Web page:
UNISONActive is an unofficial blog produced by UNISON activists for UNISON activists. Bringing news, briefings and events from a progressive left perspective.

Tuesday, 7 August 2012

Trade unionism a career or a cause?

The Observer ran a good feature this past weekend on the women changing the trade union movement, though disappointingly they failed to acknowledge the work of Heather Wakefield of UNISON who has presided over two major industrial disputes in local government which saw more women than ever take action in modern Britain. However the piece on women in the movement is a case of bitter sweet.

The trade union movement in Britain has become increasingly professionalised and perhaps (dare we say it) a career of conscience for the middle classes of the left who in the past may have become lawyers working in the Harriet Harman style of a local law centre. This is not necessarily a criticism but an observation.

So should we be pleased that we now have strong bright women acknowledged as leaders in the movement? Obviously the answer is yes! For too many years male after male succeeded over more able women as local, regional or national officials. The trade union movement that I first became involved with in the late 1980s was one where deals were to be had in the pub and which shamefully, if not deliberately, excluded women; especially those of us that found the pub environment not exactly conducive to a working mum's timetable naturally dominated by the need to pick up children after work only to find that the next day the branch ‘discussions’ or ‘consultations’ had been concluded over a few pints of lager – and decisions arrived at with a very male view of the world.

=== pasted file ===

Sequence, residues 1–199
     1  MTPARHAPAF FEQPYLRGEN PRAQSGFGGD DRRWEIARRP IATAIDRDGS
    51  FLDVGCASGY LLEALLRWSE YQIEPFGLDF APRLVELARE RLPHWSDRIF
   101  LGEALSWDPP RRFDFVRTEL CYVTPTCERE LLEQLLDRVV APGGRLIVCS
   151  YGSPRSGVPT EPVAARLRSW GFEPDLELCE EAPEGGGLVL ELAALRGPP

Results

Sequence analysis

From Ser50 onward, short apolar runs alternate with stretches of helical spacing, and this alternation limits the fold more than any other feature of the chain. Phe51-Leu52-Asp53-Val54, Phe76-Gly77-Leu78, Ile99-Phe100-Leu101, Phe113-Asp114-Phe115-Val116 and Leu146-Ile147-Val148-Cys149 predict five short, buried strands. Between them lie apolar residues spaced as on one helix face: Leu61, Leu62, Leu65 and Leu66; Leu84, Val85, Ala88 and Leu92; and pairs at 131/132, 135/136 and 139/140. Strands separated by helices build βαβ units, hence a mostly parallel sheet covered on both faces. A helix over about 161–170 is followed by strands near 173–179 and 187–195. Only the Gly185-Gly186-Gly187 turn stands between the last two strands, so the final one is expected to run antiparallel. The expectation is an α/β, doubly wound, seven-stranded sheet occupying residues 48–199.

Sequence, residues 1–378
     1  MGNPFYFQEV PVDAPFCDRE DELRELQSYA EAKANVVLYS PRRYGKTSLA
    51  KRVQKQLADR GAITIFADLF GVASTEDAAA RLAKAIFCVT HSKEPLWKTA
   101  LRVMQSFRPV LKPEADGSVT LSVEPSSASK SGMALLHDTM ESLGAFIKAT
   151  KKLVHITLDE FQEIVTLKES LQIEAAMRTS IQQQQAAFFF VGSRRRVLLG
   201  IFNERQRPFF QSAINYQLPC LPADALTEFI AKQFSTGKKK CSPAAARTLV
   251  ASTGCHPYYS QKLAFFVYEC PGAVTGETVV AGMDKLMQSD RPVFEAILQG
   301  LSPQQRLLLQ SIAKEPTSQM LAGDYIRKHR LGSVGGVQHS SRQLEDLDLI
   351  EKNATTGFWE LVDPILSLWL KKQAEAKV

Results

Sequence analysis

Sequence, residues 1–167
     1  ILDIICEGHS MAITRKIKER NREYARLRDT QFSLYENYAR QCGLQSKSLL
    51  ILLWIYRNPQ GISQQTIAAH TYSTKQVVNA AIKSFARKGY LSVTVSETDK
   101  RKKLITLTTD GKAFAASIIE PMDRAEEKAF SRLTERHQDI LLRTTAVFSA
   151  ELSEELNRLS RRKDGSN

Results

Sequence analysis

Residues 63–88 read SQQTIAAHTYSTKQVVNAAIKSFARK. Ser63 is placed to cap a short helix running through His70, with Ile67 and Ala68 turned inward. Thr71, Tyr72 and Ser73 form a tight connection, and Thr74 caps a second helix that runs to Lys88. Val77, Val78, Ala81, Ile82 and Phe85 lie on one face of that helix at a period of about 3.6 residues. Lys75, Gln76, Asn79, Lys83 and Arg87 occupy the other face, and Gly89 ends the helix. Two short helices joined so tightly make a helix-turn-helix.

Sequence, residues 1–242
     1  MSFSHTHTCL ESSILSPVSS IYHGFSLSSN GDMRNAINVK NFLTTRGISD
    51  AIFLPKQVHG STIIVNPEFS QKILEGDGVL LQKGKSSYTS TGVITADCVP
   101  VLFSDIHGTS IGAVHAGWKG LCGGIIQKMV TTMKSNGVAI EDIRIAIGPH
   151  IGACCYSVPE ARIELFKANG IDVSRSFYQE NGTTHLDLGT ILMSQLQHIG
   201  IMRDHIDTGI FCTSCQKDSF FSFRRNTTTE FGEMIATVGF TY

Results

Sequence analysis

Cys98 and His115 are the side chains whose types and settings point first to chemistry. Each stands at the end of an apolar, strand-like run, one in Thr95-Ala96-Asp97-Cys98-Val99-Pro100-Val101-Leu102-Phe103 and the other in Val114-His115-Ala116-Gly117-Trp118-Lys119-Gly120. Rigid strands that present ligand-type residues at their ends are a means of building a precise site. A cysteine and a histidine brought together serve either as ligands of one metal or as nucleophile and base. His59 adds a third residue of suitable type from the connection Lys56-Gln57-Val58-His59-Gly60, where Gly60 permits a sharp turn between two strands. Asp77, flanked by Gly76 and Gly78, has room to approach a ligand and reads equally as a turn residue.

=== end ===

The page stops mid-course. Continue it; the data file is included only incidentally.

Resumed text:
It is at this junction that the sweetness of female success is embittered by reality. The new breed of bright young things – for that matter male or female - will not naturally reflect the harsh reality that many lay activists in the movement have experienced in person and hand in hand with their members.

The new shift patterns that will result in unaffordable childcare. The cuts in overtime that mean that the person the week before that came to see you for welfare support will now spiral into deeper debt. The woman with the poorly kid, who you know has had to phone in sick to try and balance keeping a job with being a single mum, but now faces a sickness monitoring review.

The power of women activists at a lay level lies not in qualifications or measures of strategic success but the empathy that they exude making trade unionism a living breathing source of support; a means to rebalance the unfair advantage of employers over working people. The real heroines of the movement are those women who don’t enjoy themselves decent terms and conditions, or company cars, but fight for the cause of trade unions and their members each and ever day, often with little acknowledgment or thanks but with unnerving passion for the cause.

Women at a national and regional level certainly deserve to be celebrated but in doing so it is wrong for the Observer to be so blinkered in failing to acknowledge the drivers for change in the movement most often come from the women working as lay activists at the coalface.

Anna Rose